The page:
Why is the UK behind on insolvency reform?

Why is the UK behind on insolvency reform?

UK stays at 14th place in World Bank rankings for Resolving Insolvency amid calls for corporate insolvency reform

Reform of UK corporate insolvency and restructuring frameworks is desperately needed.

That is the message from accountants and industry insiders as the UK fails to improve its standing in the World Bank insolvency rankings.

While the UK stands still at 14th place, other countries have worked hard to improve their insolvency and restructuring frameworks. For example, the Netherlands has jumped from 11th in 2016 to 7th this year after a raft of reforms. The UK is behind Puerto Rico, Slovenia, and Iceland on the World Bank list.

The government announced a series of proposals for improvement in August, but these have not yet been implemented.

“The UK cannot afford to stand still when it comes to strengthening our insolvency and restructuring framework,” said Stuart Frith. He is president of R3, an insolvency and restructuring trade body.

“Although the UK framework is strong and internationally well-regarded, there are still opportunities to make our framework more responsive, and to make it easier to rescue jobs and businesses.”

High profile corporate failure cases such as Carillion and now Patisserie Valerie have added to the pressure to introduce more legislation to improve corporate governance.

Delayed reforms

No clear timetable was given for implementing the government’s reform package when it was announced in August. The Government said it would introduce the changes through legislation when ‘parliamentary time allows,’ but did not give a date for this.

Stuart Frith said: “We look forward to working with the Government to progress these reforms, making sure that the views of the insolvency and restructuring profession are listened to and acted on.

“The reforms aren’t perfect and there are still tweaks to be made, but overall they could help improve our world-class framework.”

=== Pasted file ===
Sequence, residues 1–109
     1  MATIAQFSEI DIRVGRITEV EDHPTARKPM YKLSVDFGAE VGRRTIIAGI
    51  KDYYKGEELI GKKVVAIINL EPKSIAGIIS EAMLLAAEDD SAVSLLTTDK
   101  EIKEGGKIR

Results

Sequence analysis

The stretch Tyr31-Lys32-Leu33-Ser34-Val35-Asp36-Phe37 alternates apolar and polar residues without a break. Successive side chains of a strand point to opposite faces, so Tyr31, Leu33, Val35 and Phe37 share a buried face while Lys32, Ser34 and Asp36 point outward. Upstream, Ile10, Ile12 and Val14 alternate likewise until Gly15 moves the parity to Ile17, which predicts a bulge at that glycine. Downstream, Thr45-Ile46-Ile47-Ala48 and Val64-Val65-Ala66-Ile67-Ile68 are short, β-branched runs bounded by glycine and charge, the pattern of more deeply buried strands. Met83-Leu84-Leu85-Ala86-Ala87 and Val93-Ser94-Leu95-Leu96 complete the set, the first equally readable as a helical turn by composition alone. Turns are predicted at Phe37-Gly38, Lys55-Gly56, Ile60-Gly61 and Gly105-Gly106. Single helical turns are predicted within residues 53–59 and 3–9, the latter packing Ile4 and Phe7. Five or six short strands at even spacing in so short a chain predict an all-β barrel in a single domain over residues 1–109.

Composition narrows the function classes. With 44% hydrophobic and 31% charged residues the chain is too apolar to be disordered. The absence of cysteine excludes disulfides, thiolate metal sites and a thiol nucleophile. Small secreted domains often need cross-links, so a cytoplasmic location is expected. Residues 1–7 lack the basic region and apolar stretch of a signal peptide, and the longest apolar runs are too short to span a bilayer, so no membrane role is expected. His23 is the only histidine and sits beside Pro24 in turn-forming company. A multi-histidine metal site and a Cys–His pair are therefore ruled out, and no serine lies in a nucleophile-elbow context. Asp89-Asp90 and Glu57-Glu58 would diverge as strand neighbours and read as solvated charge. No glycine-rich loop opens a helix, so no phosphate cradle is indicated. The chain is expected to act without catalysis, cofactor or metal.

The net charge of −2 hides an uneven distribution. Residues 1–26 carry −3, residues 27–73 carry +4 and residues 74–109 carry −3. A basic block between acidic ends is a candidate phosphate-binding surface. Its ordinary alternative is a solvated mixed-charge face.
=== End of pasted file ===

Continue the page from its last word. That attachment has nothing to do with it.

Improved frameworks could attract more international restructuring deals.

Meanwhile the number of people being declared bankrupt is expected to increase throughout the rest of 2018 in England and Wales.

That warning comes from top 20 UK business services firm Wilkins Kennedy.

The latest Insolvency Statistics published for Q3 from July to September 2018 reveal bankruptcies increased by 1.7% this quarter. This was a rise of 12% on the same period last year in England and Wales.

“There has also been a decrease in company voluntary liquidations of 27% and a big increase of 26% in businesses going into administration because I think business owners are letting their companies be wound up or their business be struck off,” said Insolvency expert Louise Brittain, Partner and Head of Contentious Insolvency at Wilkins Kennedy.

Brexit fears

Of course, a lot of parliamentary time has been taken up with Brexit. But that should not be used as an excuse for failing to implement necessary measures, according to Chris Laughton, corporate advisor partner at Mercer & Hole.

He said: “Whatever happens with Brexit, the government should move to implement the plans it has to enhance our insolvency regime and improve our international competitiveness.”

There is still a lot of doubt and uncertainty about exactly how Brexit will affect cross-border restructuring and insolvency cases. R3 believes the Government should act anyway to ensure that the insolvency and restructuring framework “leads the international pack.”

As part of the EU, the UK benefits from regulations which mean UK insolvency and restructuring procedures and judgements are recognised across the EU and vice versa.

This means a UK insolvency practitioner can trace, secure, and realise assets of an individual or multi-national company across the EU without having to apply for recognition in individual countries first.

Before these EU regulations came into force, the process could be time-consuming, expensive and unpredictable. Local courts may not recognise an overseas decision or have time to hear the case.

The Government said it would seek a similar arrangement to the existing with the EU after Brexit. However, there is no guarantee of this in case of a ‘no-deal’ Brexit.

What changes did the Government propose?

The key proposals for the UK’s insolvency regime include a new moratorium, a new restructuring plan and the prohibition of terminating suppliers’ contracts on insolvency grounds.

Also detailed were proposals to strengthen the UK’s corporate governance framework, though these were only at the outline stage. These include corporate governance training for directors, a review of the dividend regime, and create greater transparency around group structures and group corporate governance. At the moment, these are outlines only which the Government has said will be fleshed out in time.

How are the World Bank ratings put together?

The current methodology was introduced in 2015, when the UK scored 13th in the rankings. The World Bank scores insolvency frameworks on criteria including their recovery rate for creditors, the time taken to resolve insolvencies, the cost of insolvencies, whether businesses and companies can be rescued, and the strength of the framework.

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